This article is the second part of a series of four articles by Paramjeet Singh. Find the first part here.
By Paramjeet Singh
Philosophy Behind The Dispute
The government is obviously required to intervene in the free market operations for various reasons; especially for correcting market failures and removing social inefficiencies. In the present case also, since 2005, Trait value fixed by Monsanto has always been alleged to be very high.
For Bollgard I, the trait value fixed by MMBL, in 2005, was Rs.1250/- per packet and the maximum retail price of the Bt cotton seeds was, resultantly, in the bracket of Rs.1700/- to 1800/- per packet. The straight variety of cotton seeds was available for Rs. 300/- per packet.
Was it a ‘good’ market scenario, keeping in view the larger public interest as well as the IP protection regime and the farmer oriented claims of Monsanto? As Monsanto decides Trait Value on the Maximum Retail Price, the same is ultimately borne by the financially constrained farmers.
Various governments of cotton producing states sought to regulate it by fixing the Maximum Sale Price of Bt cotton seeds following complaints by farmers’ associations. Monsanto challenged these attempt and the appeals are still pending before the courts.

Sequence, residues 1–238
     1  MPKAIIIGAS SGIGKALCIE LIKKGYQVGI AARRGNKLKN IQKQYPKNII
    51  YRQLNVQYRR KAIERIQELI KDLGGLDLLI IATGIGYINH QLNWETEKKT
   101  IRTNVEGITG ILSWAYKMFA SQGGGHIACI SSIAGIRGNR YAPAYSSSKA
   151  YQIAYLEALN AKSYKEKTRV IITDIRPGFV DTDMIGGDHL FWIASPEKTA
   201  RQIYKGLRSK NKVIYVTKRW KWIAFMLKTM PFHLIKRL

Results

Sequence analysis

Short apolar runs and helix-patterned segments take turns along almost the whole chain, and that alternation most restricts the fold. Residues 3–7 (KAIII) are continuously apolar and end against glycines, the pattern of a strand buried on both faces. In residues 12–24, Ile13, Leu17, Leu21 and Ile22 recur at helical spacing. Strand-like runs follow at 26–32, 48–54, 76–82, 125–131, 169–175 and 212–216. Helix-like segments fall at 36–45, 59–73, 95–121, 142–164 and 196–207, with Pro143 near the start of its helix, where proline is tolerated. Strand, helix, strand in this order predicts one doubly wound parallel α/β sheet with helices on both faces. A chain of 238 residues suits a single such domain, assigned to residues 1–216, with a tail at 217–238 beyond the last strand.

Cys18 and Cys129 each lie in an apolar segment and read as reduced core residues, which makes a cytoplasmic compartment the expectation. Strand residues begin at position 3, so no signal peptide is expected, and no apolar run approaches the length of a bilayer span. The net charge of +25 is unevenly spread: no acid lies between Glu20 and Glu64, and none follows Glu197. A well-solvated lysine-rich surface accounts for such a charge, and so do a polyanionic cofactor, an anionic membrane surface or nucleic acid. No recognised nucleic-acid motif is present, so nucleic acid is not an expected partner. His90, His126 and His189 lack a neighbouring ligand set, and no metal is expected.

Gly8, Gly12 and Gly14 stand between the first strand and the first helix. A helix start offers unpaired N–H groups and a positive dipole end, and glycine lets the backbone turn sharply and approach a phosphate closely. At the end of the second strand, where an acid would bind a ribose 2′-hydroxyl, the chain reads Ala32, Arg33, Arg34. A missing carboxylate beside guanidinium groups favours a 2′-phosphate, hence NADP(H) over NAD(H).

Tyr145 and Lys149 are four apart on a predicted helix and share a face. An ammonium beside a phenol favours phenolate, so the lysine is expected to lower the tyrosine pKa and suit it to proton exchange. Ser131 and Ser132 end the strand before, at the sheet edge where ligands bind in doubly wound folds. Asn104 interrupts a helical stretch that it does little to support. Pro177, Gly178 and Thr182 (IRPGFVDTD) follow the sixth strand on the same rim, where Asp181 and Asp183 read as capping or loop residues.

In a society, there exists different priorities that might not be coherent with each other but, regardless, are equally important for the achievement of societal goals. The government uses the law as an instrument to strike a balance between conflicting priorities. This exercise represents the adopted hierarchy of various priorities. But, what happens when there is no such hierarchy and an issue with dimensions hailing from conflicting priorities comes for the consideration of adjudicating authorities?
Monsanto’s Bt cotton case is one such issue. It has various dimensions attached thereto – GM technology related moral issues, food security, intellectual property rights, competition concerns, promotion of domestic R&D and business, protection of international investments, protection of farmers’ livelihood, compliance with international obligations etc.
Aristotle once said, “the rule of law is better than that of any individual”. However, E. P. Thompson, rightly put forth that law, “is clearly an instrument of the de facto ruling class: it both defines and defends these ruler’s claims upon resources and labour-power- it says what shall be property and what shall be crime- and it mediates class relations with a set of appropriate rules and sanctions, all of which, ultimately, confirm and consolidate existing class power. Hence the rule of law is another mask for the rule of a class.”
The same argument finds support in a study conducted by Princeton University Prof. Martin Gilens and Northwestern University Prof. Benjamin Page that proves that it really is the economically affluent people who influence the law-making.